In Freedom: To do What?, Georges Bernanos, the great French Catholic writer, observes:
There is in man a secret, incomprehensible hatred, not only of his fellowmen, but of himself. We can give this mysterious feeling whatever origin or explanation we want, but we must give it one. As far as we Christians are concerned, we believe that this hatred reflects another hatred, a thousand times more profound and lucid: the hatred of the ineffable spirit who was the most resplendent of all the luminaries of the abyss and who will never forgive us his cataclysmic fall.
He is referring of course to Satan.
One manifestation of the hatred, according to the Catechism, is that “often men, deceived by the Evil One, have become vain in their reasonings and have exchanged the truth of God for a lie, serving the creature rather than the Creator.” This points us to two dimensions of the problem.
On the one hand, we have lost the truth. Jesus was quite blunt in describing those who opposed him: “You belong to your father the devil and you willingly carry out your father’s desires. He was a murderer from the beginning and does not stand in truth, because there is no truth in him. When he tells a lie, he speaks in character, because he is a liar and the father of lies.” (John 8:44)
These words are all the more incisive because the person speaking is the Incarnation of Truth. Here is also the key to our existence: standing in the truth. On the other hand, we fall into serving the creature rather than the Creator. If we serve the Creator, then and only then, do we really grasp what being human is all about. In America, we talk superficially – and glibly – about doing things “for the children,” as well we might since the United States has the worst child abuse and largest number of child deaths in the industrialized world.
That’s the problem in the abstract, but it’s not difficult to make the picture more concrete. John Henry Newman described the complexion of contemporary religion:
What is the world’s religion now? It has taken the brighter side of the Gospel – its tidings of comfort, its precepts of love; all darker, deeper views of man’s condition and prospects being comparatively forgotten. This is the religion natural to a civilized age, and well has Satan dressed and completed it into an idol of the Truth. As the reason is cultivated, the taste formed, the affections and sentiments refined, a general decency and grace will of course spread over the face of society, quite independently of the influence of Revelation. That beauty and delicacy of thought, which is so attractive in books, then extends to the conduct of life, to all we have, all we do, all we are.
There it is, the Idol of Truth. The genteel kind of religion that will just naturally – and deceptively – spread sweetness and light, as if that were all that we need concern ourselves with in our families or society at large.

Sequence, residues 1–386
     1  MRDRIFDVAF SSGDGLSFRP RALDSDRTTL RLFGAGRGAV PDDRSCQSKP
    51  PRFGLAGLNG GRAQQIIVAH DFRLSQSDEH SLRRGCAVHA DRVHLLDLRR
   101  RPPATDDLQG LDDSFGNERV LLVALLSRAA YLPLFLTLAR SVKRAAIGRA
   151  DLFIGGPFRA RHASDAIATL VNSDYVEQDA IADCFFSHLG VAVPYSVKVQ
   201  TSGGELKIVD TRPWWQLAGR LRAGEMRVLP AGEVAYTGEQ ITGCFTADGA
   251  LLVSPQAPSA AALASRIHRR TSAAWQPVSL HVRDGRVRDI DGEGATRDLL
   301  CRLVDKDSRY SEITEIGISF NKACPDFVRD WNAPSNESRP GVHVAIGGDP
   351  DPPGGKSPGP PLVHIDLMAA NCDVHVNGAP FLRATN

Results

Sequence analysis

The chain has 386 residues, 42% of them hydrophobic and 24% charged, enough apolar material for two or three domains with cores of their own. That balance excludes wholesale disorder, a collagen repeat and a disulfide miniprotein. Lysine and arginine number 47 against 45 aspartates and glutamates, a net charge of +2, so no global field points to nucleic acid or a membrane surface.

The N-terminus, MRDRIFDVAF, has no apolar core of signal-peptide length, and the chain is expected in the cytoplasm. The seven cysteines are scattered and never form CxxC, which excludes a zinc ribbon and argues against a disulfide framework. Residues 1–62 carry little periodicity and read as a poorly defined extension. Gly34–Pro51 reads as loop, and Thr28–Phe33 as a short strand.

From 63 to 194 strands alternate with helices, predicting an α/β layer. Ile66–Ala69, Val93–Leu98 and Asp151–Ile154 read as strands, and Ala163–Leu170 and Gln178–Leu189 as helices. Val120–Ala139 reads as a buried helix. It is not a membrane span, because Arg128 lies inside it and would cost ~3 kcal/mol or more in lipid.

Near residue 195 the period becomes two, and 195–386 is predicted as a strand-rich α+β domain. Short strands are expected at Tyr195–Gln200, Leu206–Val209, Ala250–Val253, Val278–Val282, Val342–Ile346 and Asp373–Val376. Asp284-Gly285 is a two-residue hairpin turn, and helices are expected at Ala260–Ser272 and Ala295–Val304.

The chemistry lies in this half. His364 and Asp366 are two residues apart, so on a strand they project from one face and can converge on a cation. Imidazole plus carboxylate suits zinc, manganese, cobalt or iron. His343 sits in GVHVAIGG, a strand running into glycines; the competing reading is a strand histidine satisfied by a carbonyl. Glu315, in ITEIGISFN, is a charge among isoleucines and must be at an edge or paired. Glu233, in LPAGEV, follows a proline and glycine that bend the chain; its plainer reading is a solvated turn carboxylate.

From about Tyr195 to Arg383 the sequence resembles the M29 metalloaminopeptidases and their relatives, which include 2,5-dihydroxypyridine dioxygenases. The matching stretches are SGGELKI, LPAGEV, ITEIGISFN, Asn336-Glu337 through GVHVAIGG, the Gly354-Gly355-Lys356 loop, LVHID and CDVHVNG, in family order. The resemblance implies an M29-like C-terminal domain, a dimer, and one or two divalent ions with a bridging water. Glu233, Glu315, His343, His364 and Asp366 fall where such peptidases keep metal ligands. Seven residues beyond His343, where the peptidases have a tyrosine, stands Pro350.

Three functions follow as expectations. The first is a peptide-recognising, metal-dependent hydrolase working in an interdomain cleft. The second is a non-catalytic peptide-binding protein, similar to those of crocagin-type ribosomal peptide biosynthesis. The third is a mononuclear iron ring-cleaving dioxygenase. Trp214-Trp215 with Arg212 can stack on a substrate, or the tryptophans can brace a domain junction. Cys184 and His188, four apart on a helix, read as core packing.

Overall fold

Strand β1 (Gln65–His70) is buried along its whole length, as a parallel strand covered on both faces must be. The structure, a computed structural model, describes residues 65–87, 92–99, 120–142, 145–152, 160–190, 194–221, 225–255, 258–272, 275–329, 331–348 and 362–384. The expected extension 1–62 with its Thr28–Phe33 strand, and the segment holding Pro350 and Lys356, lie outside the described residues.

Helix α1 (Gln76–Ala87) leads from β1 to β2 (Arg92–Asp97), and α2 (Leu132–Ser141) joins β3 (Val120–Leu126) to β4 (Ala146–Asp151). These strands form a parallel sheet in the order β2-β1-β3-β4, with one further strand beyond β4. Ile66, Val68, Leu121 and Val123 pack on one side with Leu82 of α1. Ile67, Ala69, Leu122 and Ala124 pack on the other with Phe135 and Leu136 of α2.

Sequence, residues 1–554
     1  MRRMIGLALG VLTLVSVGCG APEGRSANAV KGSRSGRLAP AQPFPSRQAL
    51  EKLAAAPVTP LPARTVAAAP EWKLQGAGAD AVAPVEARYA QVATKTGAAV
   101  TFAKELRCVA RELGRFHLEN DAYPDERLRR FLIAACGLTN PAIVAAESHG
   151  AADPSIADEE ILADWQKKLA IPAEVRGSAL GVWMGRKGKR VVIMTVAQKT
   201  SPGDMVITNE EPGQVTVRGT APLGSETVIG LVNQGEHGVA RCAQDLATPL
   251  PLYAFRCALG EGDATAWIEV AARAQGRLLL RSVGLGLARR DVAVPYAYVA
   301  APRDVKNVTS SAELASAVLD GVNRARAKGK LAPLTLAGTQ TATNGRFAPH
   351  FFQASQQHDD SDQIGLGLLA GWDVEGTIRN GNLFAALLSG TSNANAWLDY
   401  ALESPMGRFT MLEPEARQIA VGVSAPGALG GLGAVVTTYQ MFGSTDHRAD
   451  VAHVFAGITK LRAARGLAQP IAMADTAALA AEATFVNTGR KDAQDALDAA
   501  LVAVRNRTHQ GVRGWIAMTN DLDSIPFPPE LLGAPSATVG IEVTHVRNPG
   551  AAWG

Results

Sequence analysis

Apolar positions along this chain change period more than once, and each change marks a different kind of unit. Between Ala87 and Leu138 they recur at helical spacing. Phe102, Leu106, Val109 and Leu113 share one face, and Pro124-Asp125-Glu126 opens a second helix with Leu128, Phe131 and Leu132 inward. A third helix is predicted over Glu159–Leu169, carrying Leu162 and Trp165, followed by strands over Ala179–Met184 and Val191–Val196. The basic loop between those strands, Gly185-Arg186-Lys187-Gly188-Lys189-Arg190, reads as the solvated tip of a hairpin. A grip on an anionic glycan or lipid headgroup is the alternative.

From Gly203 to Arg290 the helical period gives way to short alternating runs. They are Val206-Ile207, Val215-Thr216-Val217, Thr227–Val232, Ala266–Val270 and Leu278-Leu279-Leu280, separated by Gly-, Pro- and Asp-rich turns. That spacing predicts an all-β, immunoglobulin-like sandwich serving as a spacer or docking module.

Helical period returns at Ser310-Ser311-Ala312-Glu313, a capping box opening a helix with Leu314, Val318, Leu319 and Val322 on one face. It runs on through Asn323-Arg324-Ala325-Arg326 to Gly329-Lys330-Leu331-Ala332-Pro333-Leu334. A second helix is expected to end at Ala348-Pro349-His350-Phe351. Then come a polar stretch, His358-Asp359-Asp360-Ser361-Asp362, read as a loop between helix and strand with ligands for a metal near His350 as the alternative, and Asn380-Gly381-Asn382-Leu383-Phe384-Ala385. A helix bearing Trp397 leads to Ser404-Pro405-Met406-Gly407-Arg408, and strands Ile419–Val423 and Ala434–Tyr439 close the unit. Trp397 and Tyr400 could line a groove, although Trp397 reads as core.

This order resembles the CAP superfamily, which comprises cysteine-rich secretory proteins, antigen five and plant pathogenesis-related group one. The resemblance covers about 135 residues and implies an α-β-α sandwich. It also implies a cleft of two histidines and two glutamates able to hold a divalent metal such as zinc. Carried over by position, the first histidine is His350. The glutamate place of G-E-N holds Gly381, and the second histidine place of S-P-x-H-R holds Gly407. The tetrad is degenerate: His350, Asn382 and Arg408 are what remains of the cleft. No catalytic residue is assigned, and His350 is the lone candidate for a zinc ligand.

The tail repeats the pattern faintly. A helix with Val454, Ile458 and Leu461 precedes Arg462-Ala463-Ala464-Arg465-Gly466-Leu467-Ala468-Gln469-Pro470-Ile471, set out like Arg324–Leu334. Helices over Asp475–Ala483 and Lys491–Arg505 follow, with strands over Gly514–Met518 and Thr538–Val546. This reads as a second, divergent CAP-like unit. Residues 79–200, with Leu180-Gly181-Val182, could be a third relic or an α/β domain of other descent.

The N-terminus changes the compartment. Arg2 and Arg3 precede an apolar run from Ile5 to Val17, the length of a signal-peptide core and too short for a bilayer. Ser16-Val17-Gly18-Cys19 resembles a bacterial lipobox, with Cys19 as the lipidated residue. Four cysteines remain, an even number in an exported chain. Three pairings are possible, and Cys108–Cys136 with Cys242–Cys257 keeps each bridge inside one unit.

The Fall of Satan by William Blake (c. 1805)
God’s Revelation presents Catholicism rather as a struggle with something far less mundane and far more familiar to us than this idyllic illusion: the hatred of which Bernanos, perceptive novelist that he was, spoke above. We follow someone who was crucified and as I often remind students, crucifixion can ruin your whole day.
The one who was crucified said: “I am sending you like sheep in the midst of wolves; so be shrewd as serpents and simple as doves. But beware of people, for they will hand you over to courts and scourge you in their synagogues, and you will be led before governors and kings for my sake as a witness before them and the pagans.” (Matthew 10:16-18)
Catholicism is edgy, risky, robust. Not surprising when real life involves truth and relating to the Creator. It means confronting either hatred of the antihuman variety or untruth of a kind that often wrecks people’s lives just as effectively as violence.
So what does the struggle look like? First of all there is the need for humility to counter Satan’s “favorite sin,” i.e., pride – to quote a forgettable movie. The humility simply to take what God teaches through his Church and to follow it no matter where it leads.
Pardon a comment from an immigrant who likes America – U.S. Catholics generally could do with a large dollop of humility. And we could all do with more of the courage needed to apply the truth to life – not movie truth, or Oprah’s truth, or Senator X’s truth, but the truth of Scripture and Tradition. Be prepared: in a world like ours it will not look, like the popular and idolatrous counterfeits, too attractive and will sometimes be risky.
But this is just to say that it will mean accepting struggle as a feature of mature Christian life. It’s a wonderful thing to study and reflect on Christian truths. But we are called to live a life in which we not only recognize temptation, but – because we know the truth – are willing to act in its service.
The choice is stark. Ultimately, do we become partners in Satan’s hatred or commit our whole lives to genuine Gospel love?